It’s late on a Friday night. I find myself home alone without even a good movie or book to dive into. My son has plans and is gone for the night while I flip through the channels of movies and shows all of which have some element of romance, love or sexual tension.


Watching this is painful. I can’t even lose myself in suspended disbelief. The concept of a real life man actually keeping eye contact with me for reason other than I accidentally cut him off on the freeway is the wildest fiction.


In spite of what everyone might think, I am indeed human. Like all other humans, I long for someone to connect with on various levels beyond freeway interludes where fingers are flipping me off rather than… flipping me off.


So I throw together a profile on one of the dating sites just to see who is out there. I’m not desperate. Let’s be clear. I am happy. I am comfortable with my life’s direction. At the same time, I would love to meet someone. This is that line in site About Me pages that says, “looking for someone to compliment my life.” Total utter garbage!


We are all liars!!!!!!!!


Here’s what happens next. The inbox gets twenty hits immediately because I’m fresh meat. Most introductory emails involve emojis complete with heart eyes.


Of those 20 hits, 8 are 15 years younger, 8 are 15 years older and 4 are in my age range but only two have pictures and a discerning eye might suggests that “athletic and toned” was a high school memory recalled when creating the profile.


It’s a nice ego boost.


I can still attract those looking for a MIFL or cougar or whatever the kids are calling it these days. I mean I only use Kik to spy on my son who uses Kik. Now you want me to “hit you up on Kik so we can learn about ourselves?” What does that mean?


How does Kik help us learn about ourselves? I’m pretty sure I’m okay on the understanding myself area. But the fact that I’m correcting grammar makes me sexy like a schoolteacher and then … they bring friends.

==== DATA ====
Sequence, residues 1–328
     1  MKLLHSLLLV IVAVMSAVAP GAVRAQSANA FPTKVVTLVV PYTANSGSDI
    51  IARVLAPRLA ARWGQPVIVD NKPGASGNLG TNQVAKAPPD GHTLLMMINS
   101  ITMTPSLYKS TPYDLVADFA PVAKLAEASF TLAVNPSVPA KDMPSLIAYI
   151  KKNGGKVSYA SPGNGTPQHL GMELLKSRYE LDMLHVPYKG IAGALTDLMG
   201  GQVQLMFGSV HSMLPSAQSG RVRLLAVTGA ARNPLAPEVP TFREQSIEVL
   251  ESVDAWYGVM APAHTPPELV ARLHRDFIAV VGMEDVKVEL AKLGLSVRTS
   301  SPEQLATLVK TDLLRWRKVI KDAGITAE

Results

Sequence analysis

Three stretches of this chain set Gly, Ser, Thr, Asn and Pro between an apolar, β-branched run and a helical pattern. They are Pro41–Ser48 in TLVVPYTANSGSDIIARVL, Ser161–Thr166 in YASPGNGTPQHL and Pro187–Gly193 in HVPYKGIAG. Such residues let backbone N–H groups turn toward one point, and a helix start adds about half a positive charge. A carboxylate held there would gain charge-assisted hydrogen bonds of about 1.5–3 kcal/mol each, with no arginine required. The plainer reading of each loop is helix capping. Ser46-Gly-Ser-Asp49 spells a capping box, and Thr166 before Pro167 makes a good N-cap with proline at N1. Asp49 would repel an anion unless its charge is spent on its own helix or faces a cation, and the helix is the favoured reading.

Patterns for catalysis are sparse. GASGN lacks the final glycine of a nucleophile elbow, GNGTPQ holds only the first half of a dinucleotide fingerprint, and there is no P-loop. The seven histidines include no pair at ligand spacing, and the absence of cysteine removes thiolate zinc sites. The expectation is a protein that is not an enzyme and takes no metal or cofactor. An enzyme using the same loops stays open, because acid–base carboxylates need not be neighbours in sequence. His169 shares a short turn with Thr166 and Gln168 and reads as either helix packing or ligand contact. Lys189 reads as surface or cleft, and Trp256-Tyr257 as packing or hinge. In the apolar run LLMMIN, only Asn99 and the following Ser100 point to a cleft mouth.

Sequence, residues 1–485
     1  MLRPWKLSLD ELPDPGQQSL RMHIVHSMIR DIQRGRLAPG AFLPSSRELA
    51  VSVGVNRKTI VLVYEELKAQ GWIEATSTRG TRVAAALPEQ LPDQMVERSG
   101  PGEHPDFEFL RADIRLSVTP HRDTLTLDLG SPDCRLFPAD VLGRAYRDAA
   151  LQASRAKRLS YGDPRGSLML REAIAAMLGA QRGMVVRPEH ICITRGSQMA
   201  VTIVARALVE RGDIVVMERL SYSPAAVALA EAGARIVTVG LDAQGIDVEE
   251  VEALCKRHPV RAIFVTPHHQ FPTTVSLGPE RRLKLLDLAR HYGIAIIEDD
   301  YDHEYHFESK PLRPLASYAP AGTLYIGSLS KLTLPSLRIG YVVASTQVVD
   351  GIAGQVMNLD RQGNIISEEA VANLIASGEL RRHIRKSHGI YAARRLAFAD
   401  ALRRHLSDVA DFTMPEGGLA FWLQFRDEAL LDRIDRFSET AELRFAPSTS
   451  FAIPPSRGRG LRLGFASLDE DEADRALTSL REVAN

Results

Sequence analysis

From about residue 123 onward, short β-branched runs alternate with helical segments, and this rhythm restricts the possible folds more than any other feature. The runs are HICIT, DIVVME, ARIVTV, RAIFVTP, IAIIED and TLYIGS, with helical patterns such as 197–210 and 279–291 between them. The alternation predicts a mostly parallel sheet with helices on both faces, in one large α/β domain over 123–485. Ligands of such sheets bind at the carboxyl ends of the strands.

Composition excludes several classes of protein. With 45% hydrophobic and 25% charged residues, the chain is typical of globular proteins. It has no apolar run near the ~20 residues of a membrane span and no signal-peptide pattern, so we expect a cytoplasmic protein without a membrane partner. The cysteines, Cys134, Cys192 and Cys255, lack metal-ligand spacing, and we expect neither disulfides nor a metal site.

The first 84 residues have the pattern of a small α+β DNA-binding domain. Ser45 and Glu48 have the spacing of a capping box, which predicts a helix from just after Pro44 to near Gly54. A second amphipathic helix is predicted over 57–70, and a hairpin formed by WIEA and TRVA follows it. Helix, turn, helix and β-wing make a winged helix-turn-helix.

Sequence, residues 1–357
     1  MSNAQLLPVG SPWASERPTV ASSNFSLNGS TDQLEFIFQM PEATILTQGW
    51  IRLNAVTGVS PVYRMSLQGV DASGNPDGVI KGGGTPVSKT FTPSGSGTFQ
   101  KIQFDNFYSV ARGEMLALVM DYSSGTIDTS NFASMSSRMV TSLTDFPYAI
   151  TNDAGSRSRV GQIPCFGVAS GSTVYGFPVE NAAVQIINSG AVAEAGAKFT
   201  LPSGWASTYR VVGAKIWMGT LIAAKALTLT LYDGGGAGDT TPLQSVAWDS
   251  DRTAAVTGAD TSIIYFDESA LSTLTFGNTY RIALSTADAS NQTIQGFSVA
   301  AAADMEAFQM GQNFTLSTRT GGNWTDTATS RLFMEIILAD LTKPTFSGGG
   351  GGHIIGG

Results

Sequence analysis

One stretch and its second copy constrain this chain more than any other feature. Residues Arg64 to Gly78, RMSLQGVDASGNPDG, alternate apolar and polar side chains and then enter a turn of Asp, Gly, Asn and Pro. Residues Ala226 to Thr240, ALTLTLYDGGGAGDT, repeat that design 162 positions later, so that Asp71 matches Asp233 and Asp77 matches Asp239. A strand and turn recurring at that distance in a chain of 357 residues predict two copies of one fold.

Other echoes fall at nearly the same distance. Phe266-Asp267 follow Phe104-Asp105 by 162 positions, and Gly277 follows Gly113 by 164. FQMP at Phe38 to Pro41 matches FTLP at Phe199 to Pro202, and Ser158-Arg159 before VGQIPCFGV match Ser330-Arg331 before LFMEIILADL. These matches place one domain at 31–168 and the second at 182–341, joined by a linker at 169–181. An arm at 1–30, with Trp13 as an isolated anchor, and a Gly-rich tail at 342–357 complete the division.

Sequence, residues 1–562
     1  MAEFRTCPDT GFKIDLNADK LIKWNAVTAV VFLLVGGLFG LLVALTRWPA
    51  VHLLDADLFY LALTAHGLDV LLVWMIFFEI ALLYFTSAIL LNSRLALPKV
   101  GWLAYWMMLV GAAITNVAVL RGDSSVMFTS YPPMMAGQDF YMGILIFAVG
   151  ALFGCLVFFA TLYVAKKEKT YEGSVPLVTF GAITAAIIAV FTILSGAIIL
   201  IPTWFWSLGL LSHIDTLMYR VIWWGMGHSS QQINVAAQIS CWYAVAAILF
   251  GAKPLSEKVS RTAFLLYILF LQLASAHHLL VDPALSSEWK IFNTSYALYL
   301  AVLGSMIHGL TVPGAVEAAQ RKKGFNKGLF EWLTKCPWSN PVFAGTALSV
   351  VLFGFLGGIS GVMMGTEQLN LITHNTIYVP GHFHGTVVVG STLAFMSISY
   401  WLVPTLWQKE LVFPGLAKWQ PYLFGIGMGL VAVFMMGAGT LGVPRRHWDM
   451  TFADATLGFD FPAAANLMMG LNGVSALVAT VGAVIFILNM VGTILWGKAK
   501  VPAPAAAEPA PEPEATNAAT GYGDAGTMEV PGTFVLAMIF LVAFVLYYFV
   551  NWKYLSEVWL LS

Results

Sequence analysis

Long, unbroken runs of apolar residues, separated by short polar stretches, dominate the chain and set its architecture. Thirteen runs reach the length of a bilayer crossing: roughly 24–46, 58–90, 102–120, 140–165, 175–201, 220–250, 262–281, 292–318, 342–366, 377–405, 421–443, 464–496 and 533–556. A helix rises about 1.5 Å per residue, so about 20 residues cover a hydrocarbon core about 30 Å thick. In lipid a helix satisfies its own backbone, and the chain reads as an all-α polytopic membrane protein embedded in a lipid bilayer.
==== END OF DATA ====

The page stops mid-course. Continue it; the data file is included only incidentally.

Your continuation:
I start to think that they are all sitting in a room together. Bets are on to see which approach gets the desperate middle ager in the sack. Think about it; they are the same age, live in the same area and work in the same industry. Am I wrong to think they aren’t tossing some brews back with a white board of one-liners to see which works? Who isn’t looking for trouble on a Friday night?


Then there’s the next generation – not quite the greatest generation though I think some of these dudes might be lying about their age. Let’s face it. Women live longer than men and with you already 15, 20 or 30 years my senior; we’re counting the days down to your demise.


Sorry! That’s bitchy. I know.


But really, you expect us to travel the world and enjoy life’s spoils on a moment’s notice. How’s this for a moment’s notice: on Monday at 9 pm I’ll have to get printer ink for the term paper due Tuesday at 9 am that I was just told about 17 second ago by my son. Yes, I’m living my life by the seat of my on-fire-freaking pants.


I’m really not in a position to roam the world at will. I can barely roam my bathroom without interruption from my son for something he probably didn’t really need in the first place.


And for those who don’t have pictures or say “athletic and toned” while balancing a Corona on your beer belly, I say this, “Sorry, it doesn’t work for me.” Look, I’m not perfect. I rarely wear makeup, often wear a baseball cap and dress in workout clothes 95% of the time. I’m no beauty queen.


But at least my face in on the site. You can see me and I’m trying – as embarrassing as it might be to run into someone at the grocery store. I’m trying. I’m putting myself out there and quite frankly it sucks!


But telling me how “pretty and sexy” I am and “can we chat” without letting me see your face is like going to a bar and asking a girl out while wearing a bag on your head and saying “hey baby, want to be my #1? I’m tall with blue eyes and can’t you see my athletic and toned body?” I’m sure there are places in this world where that works, but not on my laptop in my bedroom on a Friday night.


Things that come out of a box with instructions in a language I don’t speak have more personality.


Now of course, I don’t expect to be the only one taking a risk and saying the first “hello.” When your profile says “tell you later” or “blah blah blah hate talking about me, so ask” you really aren’t helping me connect. Onward I go. Trying.